March 4, 2011 by  

Cedar Rapids


Cedar Rapids

Anne Heche and Ed Helms star as insurance salespeople in "Cedar Rapids"

Starring: Ed Helms, John C. Reilly, Anne Heche
Directed by: Miguel Arteta (“Youth in Revolt”)
Written by: Phil Johnston (debut)

Making morons out of men isn’t some innovative concept in the comedy genre. If anything, man’s link to his Neanderthal ancestry has been magnified by the big screen ever since The Three Stooges in the ’30s (Chaplin did slapstick, but wasn’t an idiot). Just last year, Steve Carell in “Dinner for Schmucks,” Zach Galifianakis in “Due Date,” and the entire cast of “Grown Ups” and “Jackass 3D” proved the male species hasn’t evolved much, cinematically speaking.

Still, there are levels of stupidity and naivety that can make or break a character depending on the comedic execution and, of course, the joke itself. It doesn’t take a genius to see the differences in humor between Steve Martin bumbling around as Navin Johnson in “The Jerk” and Steve-O launching through the air in a shit-filled Port-O-Potty.

In “Cedar Rapids,” small-town insurance salesman Tim Lippe (Ed Helms) is the kind of hopeless buffoon you wouldn’t mind getting to know. His rite of passage comes when he is sent to Cedar Rapids, Iowa, to represent his company at an insurance convention, a sizeable step for Tim, who has never left his own backyard.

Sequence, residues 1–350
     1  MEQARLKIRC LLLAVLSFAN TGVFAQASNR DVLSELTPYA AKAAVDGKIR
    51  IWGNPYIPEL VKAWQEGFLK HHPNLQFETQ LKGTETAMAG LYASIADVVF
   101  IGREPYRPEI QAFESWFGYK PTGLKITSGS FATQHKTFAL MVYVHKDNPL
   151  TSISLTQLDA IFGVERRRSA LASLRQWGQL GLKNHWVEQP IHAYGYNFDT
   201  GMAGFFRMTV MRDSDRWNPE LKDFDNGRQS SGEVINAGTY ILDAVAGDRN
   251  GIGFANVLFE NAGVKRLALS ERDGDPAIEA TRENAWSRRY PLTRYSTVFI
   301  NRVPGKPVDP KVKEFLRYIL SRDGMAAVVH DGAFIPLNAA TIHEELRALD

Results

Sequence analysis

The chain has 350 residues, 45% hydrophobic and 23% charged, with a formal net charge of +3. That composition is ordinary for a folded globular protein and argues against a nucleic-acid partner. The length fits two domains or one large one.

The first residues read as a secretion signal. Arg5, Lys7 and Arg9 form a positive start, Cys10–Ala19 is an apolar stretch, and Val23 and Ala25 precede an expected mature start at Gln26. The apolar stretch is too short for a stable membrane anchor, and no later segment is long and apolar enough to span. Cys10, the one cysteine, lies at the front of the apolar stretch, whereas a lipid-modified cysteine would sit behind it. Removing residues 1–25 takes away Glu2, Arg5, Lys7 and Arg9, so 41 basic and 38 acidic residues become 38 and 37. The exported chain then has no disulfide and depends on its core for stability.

Playing an easily impressed, inoffensive man-child (much like Carell in 2005’s “The 40-Year-Old Virgin”), Helms’ deadpan wit is far from shtick. When Tim befriends a few convention veterans (a spazzy John C. Reilly included), Helms delivers some dialed-down, hilarious moments that never feel like second-rate gags. There is also never a point in “Cedar Rapids” where Tim grinds your nerves or overstays his welcome, which propels the story a couple tiers above a “Saturday Night Live” skit.

Sure, the film, which is directed by Miguel Arteta (who helmed last year’s underappreciated “Youth in Revolt”), is like watching a group of uncool adults on a lame high school senior trip they’re decades late for, but its Midwestern charm has a lot more going for it than most dummy comedies out there.

Grade: B

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